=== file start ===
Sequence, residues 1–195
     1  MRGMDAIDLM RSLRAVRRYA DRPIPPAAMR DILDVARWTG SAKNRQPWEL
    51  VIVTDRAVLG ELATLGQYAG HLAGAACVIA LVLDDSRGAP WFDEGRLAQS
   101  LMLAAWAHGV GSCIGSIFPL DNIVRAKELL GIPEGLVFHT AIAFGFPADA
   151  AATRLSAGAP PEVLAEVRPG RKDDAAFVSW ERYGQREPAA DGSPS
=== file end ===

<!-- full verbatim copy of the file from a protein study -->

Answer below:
Sequence, residues 1–195
     1  MRGMDAIDLM RSLRAVRRYA DRPIPPAAMR DILDVARWTG SAKNRQPWEL
    51  VIVTDRAVLG ELATLGQYAG HLAGAACVIA LVLDDSRGAP WFDEGRLAQS
   101  LMLAAWAHGV GSCIGSIFPL DNIVRAKELL GIPEGLVFHT AIAFGFPADA
   151  AATRLSAGAP PEVLAEVRPG RKDDAAFVSW ERYGQREPAA DGSPS